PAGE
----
He followed with exemplary interpretations of two works by Mendelssohn: the Organ Sonata No. 3, which is in the standard organ repertoire, and the Variations sérieuses, which is not. The latter is a piano piece, but Laube’s transcription made it sound native to the organ. He provided an exciting, Romanticized reading filled with dynamic shading. Fine instrument that it is, Opus 133 often sounds dry in the church’s unreverberant sanctuary. Somehow Laube obscured that shortcoming, I suppose through some legerdemain involving shadings of attacks and releases. I have never heard this instrument sound better. The recital ended with a whiz-bang rendition of the first movement from Widor’s Organ Symphony No. 5, a piece more famous for its last movement, the much-visited Toccata. This Allegro vivace always strikes me as a rather silly piece, but there was no gainsaying the finesse of the performance, which brought the recital to its end with a touch of levity. Although the concert season is still young, Laube’s recital will surely count as one of its highlights.
That evening, his last notes sounded at 7 p.m. Thanks to winged shoes much like Mercury’s, I was able to attain my seat in the Great Hall at St. John’s College in time for Conrad Tao’s piano recital, which began a half-hour later. Tao has been a regular visitor to Santa Fe since he was fourteen years old. In the decade since, he has developed into a fascinating and charismatic musician, a composer as well as a pianist. In the latter capacity, his strong suit is contemporary music of a virtuosic, extroverted bent. He opened his program with Jason Eckhard’s Echoes’ White Veil (1996), which he played after reading the W.S. Merwin poem that inspired it. Perhaps I was not the only person who failed to grasp much of the poem at a single recitation; possibly the intricacies of Eckhardt’s piece would have been more meaningful if I had. As it was, it seemed little more than 11 minutes of riotous eruptions and tumblings descended from Henry Cowell’s outbursts of a century ago. A lot of work must have been required to learn it. It was played mostly loud, but its end faded away to an uncertain conclusion — indistinct to the extent that the piece segued directly into Beethoven’s Sonata No. 17 (Op. 31, No. 2, nicknamed the Tempest).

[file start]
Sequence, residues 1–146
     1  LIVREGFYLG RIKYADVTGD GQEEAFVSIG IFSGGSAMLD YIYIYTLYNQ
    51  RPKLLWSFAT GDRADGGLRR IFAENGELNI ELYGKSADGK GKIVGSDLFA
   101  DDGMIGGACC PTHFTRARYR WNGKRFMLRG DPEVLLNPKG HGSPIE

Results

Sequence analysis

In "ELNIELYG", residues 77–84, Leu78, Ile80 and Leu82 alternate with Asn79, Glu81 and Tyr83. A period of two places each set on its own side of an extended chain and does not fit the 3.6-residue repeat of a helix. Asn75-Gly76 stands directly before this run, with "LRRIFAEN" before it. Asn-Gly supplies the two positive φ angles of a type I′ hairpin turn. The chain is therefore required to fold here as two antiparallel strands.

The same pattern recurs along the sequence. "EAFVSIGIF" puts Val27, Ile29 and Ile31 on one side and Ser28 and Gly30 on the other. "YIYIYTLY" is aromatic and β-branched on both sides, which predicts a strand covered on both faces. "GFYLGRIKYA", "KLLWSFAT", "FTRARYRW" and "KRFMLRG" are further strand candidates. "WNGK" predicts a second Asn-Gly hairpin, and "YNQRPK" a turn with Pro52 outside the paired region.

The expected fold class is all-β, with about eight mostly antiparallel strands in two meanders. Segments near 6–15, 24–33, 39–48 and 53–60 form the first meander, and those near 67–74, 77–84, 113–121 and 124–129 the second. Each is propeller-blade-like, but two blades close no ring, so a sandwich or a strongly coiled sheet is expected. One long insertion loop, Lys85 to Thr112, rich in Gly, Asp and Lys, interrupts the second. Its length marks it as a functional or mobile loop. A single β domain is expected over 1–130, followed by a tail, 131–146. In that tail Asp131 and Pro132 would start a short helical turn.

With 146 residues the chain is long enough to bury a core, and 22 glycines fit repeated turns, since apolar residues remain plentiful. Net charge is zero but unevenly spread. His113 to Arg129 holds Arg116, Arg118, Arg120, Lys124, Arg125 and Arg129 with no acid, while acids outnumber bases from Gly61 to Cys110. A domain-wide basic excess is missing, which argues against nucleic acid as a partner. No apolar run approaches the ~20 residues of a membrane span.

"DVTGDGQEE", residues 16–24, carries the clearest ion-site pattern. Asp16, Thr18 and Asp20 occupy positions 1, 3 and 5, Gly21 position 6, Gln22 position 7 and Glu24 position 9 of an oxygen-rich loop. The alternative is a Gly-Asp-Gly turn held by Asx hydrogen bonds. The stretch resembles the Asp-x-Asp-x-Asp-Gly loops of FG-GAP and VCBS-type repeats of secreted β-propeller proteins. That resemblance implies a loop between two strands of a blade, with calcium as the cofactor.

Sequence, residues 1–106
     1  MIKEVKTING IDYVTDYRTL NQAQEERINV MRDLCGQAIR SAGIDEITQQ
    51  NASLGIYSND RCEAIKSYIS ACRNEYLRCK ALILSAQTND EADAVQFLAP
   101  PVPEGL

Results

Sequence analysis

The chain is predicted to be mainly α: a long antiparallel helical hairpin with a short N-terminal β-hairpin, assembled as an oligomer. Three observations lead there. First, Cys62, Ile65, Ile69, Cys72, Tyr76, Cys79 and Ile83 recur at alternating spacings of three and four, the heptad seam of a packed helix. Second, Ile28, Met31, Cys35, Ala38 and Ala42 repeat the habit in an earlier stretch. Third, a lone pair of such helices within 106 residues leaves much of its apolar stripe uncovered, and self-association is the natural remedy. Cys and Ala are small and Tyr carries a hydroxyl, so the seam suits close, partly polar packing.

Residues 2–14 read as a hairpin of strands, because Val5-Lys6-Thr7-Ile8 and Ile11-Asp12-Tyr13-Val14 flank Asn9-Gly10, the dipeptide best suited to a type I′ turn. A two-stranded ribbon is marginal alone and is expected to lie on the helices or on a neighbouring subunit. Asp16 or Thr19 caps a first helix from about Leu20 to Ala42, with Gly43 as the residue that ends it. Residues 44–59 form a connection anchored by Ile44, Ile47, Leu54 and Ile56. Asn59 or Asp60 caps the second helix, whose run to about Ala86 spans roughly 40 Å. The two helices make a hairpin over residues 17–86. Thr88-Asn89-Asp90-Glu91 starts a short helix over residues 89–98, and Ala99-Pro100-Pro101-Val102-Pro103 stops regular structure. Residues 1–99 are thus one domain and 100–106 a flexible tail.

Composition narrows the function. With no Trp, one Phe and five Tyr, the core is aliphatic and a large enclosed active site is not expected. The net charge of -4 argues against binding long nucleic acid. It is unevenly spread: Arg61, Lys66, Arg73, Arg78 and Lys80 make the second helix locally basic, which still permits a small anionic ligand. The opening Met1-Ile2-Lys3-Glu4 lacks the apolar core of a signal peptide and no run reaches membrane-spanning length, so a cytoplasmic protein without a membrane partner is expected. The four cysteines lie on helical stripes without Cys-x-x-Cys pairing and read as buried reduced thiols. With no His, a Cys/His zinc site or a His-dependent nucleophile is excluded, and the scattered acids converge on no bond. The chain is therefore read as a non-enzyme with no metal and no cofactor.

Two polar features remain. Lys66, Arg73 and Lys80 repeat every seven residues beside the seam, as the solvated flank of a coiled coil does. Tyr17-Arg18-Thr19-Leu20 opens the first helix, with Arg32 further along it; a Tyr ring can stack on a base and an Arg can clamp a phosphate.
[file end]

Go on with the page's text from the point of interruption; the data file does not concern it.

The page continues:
In recent years I have not been greatly moved by Tao’s treatment of classic repertoire, and this was no exception. In this hard-hitting performance, he sometimes punched out notes here and there, yielding odd distractions of line. It must be said that the piano on which he played was not really at the standard of a fine, resonant concert grand, and that wielded considerable effect on the sonic product. Having said that, I should add that I rather liked the instrument. If its sound was a bit dull, it was nonetheless warm-hearted. That, combined with the layout of the room (in which the chairs stretch broadly across the wide space), lent the spirit of a salon to the whole evening.
Following intermission, Tao played Elliott Carter’s Intermittences (2005, its title inspired by Proust), a piece of perhaps six minutes’ duration in which the composer set out to explore “the many meanings silences can express in musical discourse.” When Tao was in town in April 2016, rendering Beethoven’s Emperor Concerto with the Santa Fe Pro Musica Orchestra, he played Carter’s Caténaires as an encore — more impressively than he had the concerto, I felt. Intermittences was written as a companion piece to Caténaires and shares some of its spirit. Like the program-opener, this was a highly dynamic, knuckle-busting piece; and since Tao is not your man for a delicate touch, it was a winning selection. It made an impression similar to what the Eckhardt piece had, but Carter was a better composer and Intermittences offered more opportunities for interesting phrasing and articulation.
Again the piece proceeded without a break into Beethoven, this time to the Sonata No. 18 (Op. 31, No. 3). That trick can surprise once in a recital, but not twice. This sonata shows to best advantage when infused with lyricism, but that is not what Tao does, although he did make an effort in the third movement. Elsewhere, he played without a great deal of inflection, and in the finale he settled too often for simply banging. I have no doubt that Beethoven also banged at the keyboard. In fact, he was quoted (perhaps speciously) as saying, “The piano must break,” when advising about how one should interpret the first movement of the Tempest Sonata. The effect was comical in the scherzo movement of Op. 31, No. 3 — and, yes, comical is what a scherzo sets out to be — but by the end the onslaught proved exhausting. Again, one wouldn’t want to go very deep into the weeds discussing interpretation given the nature of the instrument Tao was working with. An odd transcription of the Largo from Bach’s C-major Sonata for Unaccompanied Violin seemed intended as a “programmed encore,” but then Tao returned to play a short piece of his own composition, “All I Had Forgotten or Tried To,” its title relating to a Kevin Killian poem. This entertaining piece traced a characterful contour as the composer busily tapped, plucked, and strummed the strings “under the hood,” in addition to striking notes via the keyboard. The recital confirmed Tao’s gifts as a musical athlete and as an enthusiastic champion of new music.